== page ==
9. Umno seg gen Radzi Sheikh Ahmad and Azmi Khalid, from Perlis,(all were parties in the Perlis power struggle that saw Shahidan Kassim sidelined as well) were both dropped. So was Jamaluddin Jarjis who won his Rompin seat in Pahang. But then JJ is already kaya raya. Enuff with politics eh JJ?

10. The wildly popular MP of JB who won his seat despite quitting Umno after the Salleh Abbas debacle and standing as an independent candidate. A controversial that follows what is right more often than what the party thinks is right, can only bring credibility to this Cabinet. A much-appreciated addition.

11. Khairy Jamalludin wasn’t named. Thank God. I guess there would have been an open revolt in Umno ranks if he was. Earn your spurs KJ, maybe you can take over as Backbenchers Club Chairman. But then beware, Kak Pidah from Kuala Kangsar might join you, and you don’t play play ah!

Here is the Lineup proper.

Prime Minister
Datuk Seri Abdullah Ahmad Badawi Deputy Prime Minister
Datuk Seri Najib Tun Razak 

Ministers in the Prime Minister’s Department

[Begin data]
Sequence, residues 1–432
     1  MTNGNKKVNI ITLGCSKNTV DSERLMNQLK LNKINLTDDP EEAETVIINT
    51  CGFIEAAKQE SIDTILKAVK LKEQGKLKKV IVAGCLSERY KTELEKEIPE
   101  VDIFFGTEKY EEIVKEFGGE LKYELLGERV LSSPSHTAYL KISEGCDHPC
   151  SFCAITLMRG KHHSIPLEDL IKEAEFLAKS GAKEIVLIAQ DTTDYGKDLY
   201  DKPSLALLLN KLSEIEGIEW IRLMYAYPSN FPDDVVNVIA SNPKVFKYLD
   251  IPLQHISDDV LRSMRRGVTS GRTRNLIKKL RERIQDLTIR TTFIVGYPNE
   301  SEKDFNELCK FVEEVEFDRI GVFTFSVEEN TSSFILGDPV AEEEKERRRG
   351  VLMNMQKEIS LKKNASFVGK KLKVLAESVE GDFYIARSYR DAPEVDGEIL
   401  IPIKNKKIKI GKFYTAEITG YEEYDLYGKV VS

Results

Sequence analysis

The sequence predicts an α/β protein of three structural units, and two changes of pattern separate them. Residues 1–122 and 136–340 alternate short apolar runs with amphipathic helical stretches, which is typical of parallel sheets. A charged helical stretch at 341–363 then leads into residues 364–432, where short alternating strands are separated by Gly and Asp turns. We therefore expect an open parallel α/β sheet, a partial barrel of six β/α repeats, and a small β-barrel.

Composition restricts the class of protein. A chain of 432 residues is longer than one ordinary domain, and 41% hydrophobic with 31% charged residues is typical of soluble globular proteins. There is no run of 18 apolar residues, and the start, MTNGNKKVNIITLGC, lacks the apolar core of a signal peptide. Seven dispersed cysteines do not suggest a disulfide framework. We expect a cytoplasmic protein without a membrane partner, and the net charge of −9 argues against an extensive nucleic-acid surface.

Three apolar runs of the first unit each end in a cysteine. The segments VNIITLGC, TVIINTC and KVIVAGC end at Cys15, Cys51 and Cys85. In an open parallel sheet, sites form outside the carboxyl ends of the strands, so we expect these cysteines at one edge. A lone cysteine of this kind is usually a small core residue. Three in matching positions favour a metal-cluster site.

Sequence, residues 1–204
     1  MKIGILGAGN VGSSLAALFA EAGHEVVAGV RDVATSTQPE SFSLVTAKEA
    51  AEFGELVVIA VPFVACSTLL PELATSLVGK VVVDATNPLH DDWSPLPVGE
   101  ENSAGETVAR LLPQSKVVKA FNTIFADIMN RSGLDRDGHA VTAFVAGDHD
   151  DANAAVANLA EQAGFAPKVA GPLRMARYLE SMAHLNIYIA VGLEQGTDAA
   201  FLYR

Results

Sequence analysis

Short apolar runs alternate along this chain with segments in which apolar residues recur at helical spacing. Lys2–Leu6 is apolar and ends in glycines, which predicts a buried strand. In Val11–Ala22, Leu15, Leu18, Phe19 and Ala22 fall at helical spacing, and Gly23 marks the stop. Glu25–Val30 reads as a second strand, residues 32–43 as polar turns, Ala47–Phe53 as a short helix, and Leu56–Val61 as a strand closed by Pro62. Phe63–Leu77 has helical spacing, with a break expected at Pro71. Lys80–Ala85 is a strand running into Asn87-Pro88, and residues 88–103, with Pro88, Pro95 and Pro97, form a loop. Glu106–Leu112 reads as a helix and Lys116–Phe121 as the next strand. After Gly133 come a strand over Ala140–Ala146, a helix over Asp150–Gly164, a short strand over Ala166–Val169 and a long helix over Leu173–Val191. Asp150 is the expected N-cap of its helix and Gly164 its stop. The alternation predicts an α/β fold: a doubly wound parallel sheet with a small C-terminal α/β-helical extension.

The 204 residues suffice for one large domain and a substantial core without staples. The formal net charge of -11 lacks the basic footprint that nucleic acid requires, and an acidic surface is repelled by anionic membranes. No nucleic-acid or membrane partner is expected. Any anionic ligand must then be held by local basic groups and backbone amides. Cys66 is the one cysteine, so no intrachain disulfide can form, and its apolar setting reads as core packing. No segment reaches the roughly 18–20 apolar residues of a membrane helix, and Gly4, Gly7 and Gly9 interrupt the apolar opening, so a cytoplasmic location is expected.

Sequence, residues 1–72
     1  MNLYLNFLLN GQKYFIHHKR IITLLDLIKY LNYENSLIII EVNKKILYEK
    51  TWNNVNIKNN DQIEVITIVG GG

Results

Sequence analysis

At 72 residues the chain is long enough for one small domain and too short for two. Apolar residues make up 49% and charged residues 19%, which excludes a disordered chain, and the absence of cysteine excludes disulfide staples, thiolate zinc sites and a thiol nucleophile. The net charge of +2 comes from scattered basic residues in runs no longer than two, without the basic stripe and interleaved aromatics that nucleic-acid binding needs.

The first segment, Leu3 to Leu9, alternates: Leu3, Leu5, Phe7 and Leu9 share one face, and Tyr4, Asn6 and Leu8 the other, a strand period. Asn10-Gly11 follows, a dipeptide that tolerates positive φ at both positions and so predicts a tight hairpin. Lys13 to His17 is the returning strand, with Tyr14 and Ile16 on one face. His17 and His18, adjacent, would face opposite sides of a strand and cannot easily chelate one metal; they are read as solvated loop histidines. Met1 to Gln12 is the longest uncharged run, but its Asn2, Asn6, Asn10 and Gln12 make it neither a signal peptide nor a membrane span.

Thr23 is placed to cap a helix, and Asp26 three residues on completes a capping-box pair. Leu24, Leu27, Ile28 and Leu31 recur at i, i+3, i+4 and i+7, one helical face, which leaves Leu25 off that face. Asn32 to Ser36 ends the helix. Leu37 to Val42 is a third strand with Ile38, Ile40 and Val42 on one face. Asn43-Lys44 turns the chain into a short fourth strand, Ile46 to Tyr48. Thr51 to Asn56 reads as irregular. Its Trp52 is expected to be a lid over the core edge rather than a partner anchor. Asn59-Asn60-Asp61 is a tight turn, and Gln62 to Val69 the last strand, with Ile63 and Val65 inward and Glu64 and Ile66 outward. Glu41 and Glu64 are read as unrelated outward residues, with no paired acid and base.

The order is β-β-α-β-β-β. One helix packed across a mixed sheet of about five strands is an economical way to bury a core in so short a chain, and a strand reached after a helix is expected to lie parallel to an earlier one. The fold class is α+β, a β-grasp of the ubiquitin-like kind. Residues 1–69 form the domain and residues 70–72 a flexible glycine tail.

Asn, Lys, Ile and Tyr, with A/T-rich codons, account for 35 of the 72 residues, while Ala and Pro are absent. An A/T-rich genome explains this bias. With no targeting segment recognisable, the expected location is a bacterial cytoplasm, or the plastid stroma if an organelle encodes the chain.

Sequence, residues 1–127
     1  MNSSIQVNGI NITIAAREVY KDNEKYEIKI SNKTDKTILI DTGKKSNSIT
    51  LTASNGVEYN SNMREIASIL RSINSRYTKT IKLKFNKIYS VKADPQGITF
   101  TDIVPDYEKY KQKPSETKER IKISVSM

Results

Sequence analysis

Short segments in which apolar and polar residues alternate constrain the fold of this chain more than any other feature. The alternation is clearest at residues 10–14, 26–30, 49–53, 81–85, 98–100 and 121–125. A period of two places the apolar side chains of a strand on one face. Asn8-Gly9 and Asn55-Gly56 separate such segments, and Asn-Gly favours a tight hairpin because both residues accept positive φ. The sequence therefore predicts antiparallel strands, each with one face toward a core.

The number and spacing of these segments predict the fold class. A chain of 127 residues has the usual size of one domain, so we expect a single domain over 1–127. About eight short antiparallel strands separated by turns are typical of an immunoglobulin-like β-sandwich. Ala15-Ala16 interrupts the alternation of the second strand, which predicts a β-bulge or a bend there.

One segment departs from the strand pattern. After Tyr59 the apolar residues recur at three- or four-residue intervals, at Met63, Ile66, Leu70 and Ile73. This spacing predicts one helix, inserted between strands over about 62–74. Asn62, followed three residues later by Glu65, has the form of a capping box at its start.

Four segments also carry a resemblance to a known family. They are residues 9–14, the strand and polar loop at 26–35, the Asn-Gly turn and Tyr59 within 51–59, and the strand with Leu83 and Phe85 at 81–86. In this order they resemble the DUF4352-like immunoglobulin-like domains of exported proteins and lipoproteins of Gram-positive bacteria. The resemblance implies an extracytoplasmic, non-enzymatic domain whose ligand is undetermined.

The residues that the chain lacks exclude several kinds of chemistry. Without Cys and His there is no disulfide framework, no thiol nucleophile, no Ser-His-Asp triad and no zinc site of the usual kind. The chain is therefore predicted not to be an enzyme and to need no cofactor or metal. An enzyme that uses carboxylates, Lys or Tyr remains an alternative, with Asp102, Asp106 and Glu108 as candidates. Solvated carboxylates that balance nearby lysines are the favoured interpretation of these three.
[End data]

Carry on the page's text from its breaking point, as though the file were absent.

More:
Tan Sri Bernard Dompok
Datuk Seri Nazri Aziz
Datuk Dr Ahmad Zahid Hamidi
Datuk Mohd Zaid Ibrahim
Datuk Amirsham Abdul Aziz

Deputy Ministers in the Prime Minister’s Department
Datuk Johari Baharom
Datuk Dr Mashitah Ibrahim
K. Devamany
Datuk Hasan Malek

Minister – Datuk Seri Abdullah Ahmad Badawi
Second Finance Minister – Tan Sri Nor Mohamed Yakcop
Deputies – Datuk Ahmad Husni Hanadzlah, Datuk Kong Cho Ha 

Minister – Datuk Seri Najib Tun Razak
Deputy – Datuk Wira Abu Seman Yusop 

Internal Security and Home Affairs
Minister – Datuk Seri Syed Hamid Albar
Deputies – Datuk Chor Chee Heung, Senator Datuk Wan Ahmad Farid Wan Salleh 

Housing and Local Government
Minister – Datuk Ong Ka Chuan
Deputies – Datuk Robert Lau, Datuk Hamzah Zainuddin 

Works Minister
Minister – Datuk Mohd Zin Mohamad
Deputy – Datuk Yong Khoon Seng 

Energy, Water and Communications